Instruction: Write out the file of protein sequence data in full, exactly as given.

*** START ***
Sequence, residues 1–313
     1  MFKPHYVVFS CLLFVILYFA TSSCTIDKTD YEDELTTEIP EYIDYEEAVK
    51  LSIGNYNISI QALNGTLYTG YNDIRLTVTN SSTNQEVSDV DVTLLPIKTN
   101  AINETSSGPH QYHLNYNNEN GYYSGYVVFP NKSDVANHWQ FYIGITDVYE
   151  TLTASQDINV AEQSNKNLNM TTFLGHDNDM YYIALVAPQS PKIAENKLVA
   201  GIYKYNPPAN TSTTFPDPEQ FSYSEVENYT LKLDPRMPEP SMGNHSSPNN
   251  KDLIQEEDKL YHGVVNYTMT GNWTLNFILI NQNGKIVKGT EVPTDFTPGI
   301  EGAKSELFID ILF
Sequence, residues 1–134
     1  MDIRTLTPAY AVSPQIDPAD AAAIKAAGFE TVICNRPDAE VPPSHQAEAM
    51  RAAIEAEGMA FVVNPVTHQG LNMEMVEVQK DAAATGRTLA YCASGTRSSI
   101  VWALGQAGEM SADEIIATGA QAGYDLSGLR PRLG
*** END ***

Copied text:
Sequence, residues 1–313
     1  MFKPHYVVFS CLLFVILYFA TSSCTIDKTD YEDELTTEIP EYIDYEEAVK
    51  LSIGNYNISI QALNGTLYTG YNDIRLTVTN SSTNQEVSDV DVTLLPIKTN
   101  AINETSSGPH QYHLNYNNEN GYYSGYVVFP NKSDVANHWQ FYIGITDVYE
   151  TLTASQDINV AEQSNKNLNM TTFLGHDNDM YYIALVAPQS PKIAENKLVA
   201  GIYKYNPPAN TSTTFPDPEQ FSYSEVENYT LKLDPRMPEP SMGNHSSPNN
   251  KDLIQEEDKL YHGVVNYTMT GNWTLNFILI NQNGKIVKGT EVPTDFTPGI
   301  EGAKSELFID ILF
Sequence, residues 1–134
     1  MDIRTLTPAY AVSPQIDPAD AAAIKAAGFE TVICNRPDAE VPPSHQAEAM
    51  RAAIEAEGMA FVVNPVTHQG LNMEMVEVQK DAAATGRTLA YCASGTRSSI
   101  VWALGQAGEM SADEIIATGA QAGYDLSGLR PRLG